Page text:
Recent work shows that the plant microbiome, particularly the initial assembly of this microbiome, influences plant health, survival, and fitness. Here, we characterize the initial assembly of the Populus microbiome across ten genotypes belonging to two poplar species in a common garden using 16S rRNA gene and ITS2 region amplicon sequencing of the leaf endosphere, leaf surface, root endosphere, and rhizosphere. We sampled these microbiomes three times throughout the first growing season and found that the composition of the microbiome changed dramatically over time across all plant-associated habitats and host genotypes. For archaea and bacteria, these changes were dominated by strong homogenizing selection (accounting for 29 to 62% of pairwise comparisons). However, fungal assembly was generally characterized by multiple ecological assembly processes (i.e., a mix of weak selective and dispersal processes). Interestingly, genotype, while a significant moderator of microbiome composition, generally explained less variation than sample date across plant-associated habitats. We defined a set of core genera that accounted for, on average, 36% of the microbiome. The relative abundance of this core community was consistent over time. Additionally, using source tracking modeling, we determined that new microbial taxa colonize from both aboveground and belowground sources, and combined with our ecological assembly null models, we found that both selective and dispersal processes explained the differences between exo- (i.e., leaf surface and rhizosphere) and endospheric microbiomes. Taken together, our results suggest that the initial assembly of the Populus microbiome is time-, genotype-, and habitat-dependent and is moderated by both selective and stochastic factors. IMPORTANCE The initial assembly of the plant microbiome may establish the trajectory of forthcoming microbiome states, which could determine the overall future health of the plant. However, while much is known about the initial microbiome assembly of grasses and agricultural crops, less is known about the initial microbiome of long-lived trees, such as poplar (Populus spp.). Thus, a greater understanding of initial plant microbiome assembly in an ecologically and economically important plant such as Populus is highly desirable. Here, we show that the initial microbiome community composition and assembly in the first growing season of Populus is temporally dynamic and is determined by a combination of both selective and stochastic factors. Our findings could be used to prescribe ecologically informed microbial inoculations and better predict the composition of the Populus microbiome into the future and to better understand its influence on plant health.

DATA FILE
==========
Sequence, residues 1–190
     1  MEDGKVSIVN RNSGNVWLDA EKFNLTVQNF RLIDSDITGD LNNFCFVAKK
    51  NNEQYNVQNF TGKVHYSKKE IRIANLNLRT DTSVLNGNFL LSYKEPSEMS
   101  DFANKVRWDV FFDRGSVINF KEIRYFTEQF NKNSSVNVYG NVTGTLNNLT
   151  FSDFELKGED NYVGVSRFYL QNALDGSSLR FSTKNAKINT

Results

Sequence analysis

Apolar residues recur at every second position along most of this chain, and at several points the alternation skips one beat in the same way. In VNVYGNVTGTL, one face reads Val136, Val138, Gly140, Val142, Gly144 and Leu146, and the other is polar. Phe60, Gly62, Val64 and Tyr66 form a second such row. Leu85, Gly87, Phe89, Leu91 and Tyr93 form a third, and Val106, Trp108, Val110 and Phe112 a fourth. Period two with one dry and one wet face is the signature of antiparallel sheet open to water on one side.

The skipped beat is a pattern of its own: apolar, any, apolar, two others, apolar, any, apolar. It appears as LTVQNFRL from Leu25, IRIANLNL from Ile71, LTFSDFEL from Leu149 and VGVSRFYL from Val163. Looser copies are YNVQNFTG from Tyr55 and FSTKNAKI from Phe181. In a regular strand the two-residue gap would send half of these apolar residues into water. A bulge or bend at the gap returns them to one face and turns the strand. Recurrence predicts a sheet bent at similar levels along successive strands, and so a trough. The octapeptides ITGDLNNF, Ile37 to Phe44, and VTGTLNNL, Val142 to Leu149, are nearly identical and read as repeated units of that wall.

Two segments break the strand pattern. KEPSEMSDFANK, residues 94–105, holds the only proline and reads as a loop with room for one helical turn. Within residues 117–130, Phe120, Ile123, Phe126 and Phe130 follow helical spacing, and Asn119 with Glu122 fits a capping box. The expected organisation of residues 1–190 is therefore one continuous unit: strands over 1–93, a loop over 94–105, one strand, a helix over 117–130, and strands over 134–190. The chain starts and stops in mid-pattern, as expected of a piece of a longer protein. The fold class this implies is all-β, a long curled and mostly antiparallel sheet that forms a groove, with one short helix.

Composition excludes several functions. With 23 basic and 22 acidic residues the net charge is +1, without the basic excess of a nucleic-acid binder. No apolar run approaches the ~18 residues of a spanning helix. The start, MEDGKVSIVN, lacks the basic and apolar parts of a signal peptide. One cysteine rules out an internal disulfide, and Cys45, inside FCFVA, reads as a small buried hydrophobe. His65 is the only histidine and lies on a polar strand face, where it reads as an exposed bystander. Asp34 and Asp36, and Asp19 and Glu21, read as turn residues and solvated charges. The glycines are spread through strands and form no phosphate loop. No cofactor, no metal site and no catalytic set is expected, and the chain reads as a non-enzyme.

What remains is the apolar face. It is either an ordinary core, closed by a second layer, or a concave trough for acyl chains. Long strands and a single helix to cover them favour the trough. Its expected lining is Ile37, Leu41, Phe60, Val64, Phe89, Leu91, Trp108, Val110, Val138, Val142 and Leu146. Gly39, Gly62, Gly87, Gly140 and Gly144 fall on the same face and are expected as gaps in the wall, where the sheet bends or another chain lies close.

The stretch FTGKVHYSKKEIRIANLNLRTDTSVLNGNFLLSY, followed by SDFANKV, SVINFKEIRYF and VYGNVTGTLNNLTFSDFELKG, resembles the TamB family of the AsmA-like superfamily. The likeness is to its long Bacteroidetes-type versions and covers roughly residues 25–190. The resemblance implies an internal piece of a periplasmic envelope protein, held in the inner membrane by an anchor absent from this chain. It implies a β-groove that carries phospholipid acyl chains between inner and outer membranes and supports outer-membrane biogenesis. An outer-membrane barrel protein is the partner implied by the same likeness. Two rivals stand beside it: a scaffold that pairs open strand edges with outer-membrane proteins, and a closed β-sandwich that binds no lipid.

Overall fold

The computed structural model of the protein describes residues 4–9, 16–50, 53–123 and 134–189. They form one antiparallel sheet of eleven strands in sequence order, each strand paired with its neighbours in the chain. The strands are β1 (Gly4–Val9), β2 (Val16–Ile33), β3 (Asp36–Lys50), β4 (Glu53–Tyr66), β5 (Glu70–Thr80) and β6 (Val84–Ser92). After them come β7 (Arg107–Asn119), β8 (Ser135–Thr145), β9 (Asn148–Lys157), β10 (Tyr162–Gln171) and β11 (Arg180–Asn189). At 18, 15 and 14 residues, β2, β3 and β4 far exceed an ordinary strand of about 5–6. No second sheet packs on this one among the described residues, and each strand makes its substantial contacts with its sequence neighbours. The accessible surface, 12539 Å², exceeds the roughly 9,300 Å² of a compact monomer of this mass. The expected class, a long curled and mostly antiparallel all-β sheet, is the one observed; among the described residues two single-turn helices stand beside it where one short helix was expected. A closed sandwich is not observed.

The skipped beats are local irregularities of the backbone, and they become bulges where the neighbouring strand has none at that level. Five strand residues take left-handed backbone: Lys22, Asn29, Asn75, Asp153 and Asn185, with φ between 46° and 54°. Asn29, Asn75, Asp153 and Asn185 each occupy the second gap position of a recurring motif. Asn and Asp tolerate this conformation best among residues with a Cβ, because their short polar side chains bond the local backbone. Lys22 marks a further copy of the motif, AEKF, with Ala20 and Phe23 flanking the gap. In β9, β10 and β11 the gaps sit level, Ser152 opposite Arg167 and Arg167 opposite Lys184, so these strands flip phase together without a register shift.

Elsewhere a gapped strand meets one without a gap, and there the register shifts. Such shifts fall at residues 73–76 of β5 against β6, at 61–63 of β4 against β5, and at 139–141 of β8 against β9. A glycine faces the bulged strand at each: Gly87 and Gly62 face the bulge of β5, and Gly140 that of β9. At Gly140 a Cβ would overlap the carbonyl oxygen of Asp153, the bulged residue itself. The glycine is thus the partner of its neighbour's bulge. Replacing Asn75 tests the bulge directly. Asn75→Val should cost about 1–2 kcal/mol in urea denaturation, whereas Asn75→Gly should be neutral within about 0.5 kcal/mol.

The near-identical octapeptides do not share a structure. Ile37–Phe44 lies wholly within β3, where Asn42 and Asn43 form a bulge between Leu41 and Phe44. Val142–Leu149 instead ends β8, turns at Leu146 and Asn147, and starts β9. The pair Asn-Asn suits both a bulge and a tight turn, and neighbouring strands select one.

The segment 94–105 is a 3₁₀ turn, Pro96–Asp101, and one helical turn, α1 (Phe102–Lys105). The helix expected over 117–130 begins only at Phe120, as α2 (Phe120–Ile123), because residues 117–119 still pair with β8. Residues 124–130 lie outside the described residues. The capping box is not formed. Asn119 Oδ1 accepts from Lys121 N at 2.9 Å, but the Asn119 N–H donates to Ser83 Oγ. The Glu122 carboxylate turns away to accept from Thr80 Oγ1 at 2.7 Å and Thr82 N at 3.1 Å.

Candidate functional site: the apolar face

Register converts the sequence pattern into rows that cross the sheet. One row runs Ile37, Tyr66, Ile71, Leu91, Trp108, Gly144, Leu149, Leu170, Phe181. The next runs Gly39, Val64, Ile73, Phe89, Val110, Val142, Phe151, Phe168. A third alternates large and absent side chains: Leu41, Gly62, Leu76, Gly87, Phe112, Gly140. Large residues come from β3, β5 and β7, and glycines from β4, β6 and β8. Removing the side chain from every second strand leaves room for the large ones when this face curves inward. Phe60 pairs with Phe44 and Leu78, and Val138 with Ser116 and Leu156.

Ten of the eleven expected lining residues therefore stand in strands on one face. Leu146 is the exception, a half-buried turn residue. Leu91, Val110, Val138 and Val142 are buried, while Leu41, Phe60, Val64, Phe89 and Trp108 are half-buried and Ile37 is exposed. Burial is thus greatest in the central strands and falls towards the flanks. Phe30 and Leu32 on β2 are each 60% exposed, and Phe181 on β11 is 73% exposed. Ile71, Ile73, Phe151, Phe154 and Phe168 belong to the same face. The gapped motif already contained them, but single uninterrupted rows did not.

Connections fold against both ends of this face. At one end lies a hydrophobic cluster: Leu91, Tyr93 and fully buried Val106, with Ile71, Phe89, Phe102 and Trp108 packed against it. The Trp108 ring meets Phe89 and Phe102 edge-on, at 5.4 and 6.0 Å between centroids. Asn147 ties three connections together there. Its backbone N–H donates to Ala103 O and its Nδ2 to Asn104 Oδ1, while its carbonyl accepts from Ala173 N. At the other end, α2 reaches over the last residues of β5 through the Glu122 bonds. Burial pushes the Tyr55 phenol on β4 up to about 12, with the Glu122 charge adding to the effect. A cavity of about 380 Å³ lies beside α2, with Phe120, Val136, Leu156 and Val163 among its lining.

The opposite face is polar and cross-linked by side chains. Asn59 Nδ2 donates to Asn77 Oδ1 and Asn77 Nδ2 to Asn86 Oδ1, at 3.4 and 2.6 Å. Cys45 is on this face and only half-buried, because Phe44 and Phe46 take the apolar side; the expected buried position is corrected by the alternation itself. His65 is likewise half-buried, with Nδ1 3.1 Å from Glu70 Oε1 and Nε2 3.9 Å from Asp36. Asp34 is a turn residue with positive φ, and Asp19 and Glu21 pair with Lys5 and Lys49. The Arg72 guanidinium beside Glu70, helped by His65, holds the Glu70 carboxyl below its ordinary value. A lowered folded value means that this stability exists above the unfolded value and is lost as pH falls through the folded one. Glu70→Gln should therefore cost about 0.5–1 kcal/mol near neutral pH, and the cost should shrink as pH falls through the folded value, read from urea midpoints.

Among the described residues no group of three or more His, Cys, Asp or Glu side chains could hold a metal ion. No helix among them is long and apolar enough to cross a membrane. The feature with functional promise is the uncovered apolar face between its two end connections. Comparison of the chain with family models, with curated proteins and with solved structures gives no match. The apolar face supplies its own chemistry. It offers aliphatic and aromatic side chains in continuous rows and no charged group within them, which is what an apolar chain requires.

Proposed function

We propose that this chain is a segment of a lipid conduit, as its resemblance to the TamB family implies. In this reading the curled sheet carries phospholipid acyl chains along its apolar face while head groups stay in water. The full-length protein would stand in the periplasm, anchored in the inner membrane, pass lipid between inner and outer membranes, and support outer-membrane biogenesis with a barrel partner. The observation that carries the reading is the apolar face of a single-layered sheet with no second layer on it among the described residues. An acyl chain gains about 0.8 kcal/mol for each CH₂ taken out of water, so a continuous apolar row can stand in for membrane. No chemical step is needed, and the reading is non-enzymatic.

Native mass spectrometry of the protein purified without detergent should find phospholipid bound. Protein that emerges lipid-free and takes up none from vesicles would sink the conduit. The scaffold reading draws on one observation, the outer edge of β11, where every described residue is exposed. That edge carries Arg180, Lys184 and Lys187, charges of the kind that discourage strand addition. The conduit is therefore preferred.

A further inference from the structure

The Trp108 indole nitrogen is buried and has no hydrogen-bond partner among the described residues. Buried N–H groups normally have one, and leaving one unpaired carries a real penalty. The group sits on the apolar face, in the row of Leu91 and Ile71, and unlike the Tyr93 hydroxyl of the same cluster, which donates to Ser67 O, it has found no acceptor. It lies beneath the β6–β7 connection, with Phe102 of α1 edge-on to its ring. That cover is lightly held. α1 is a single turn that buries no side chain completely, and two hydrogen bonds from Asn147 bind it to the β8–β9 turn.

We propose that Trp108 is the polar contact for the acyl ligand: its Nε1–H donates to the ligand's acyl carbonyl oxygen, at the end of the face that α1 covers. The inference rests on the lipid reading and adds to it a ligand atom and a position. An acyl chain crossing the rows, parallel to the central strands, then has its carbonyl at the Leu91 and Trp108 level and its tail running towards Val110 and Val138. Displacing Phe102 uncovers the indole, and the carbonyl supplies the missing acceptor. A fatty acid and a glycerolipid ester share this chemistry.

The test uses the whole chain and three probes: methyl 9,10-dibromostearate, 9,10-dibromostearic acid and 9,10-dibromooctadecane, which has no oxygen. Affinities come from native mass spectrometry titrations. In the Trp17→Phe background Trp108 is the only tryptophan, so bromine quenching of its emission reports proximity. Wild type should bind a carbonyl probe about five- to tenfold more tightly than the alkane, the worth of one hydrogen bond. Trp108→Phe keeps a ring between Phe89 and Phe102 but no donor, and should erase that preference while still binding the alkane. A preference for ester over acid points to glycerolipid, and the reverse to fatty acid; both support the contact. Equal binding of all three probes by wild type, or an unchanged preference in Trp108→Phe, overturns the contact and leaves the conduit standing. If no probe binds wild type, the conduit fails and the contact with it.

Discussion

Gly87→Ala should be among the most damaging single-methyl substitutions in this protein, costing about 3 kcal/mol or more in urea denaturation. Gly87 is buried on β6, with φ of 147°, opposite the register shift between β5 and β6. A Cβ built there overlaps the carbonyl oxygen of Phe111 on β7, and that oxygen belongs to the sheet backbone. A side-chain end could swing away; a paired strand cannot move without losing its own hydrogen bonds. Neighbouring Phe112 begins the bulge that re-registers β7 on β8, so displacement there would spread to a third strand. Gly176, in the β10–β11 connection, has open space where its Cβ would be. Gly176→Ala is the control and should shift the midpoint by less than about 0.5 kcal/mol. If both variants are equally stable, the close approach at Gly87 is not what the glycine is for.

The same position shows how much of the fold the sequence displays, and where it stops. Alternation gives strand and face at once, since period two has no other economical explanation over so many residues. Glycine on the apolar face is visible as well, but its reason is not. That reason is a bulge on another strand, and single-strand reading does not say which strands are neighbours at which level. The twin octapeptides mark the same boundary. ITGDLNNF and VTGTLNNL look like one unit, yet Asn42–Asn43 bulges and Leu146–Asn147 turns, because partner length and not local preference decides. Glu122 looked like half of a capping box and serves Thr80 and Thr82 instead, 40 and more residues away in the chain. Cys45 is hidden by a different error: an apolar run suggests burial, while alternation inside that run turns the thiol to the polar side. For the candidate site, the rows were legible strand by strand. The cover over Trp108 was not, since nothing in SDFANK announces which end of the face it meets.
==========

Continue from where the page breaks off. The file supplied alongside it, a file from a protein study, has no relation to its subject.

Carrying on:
RevDate: 2021-06-09

Naidoo Y, Valverde A, Pierneef RE, et al (2021)

Differences in Precipitation Regime Shape Microbial Community Composition and Functional Potential in Namib Desert Soils.

Microbial ecology [Epub ahead of print].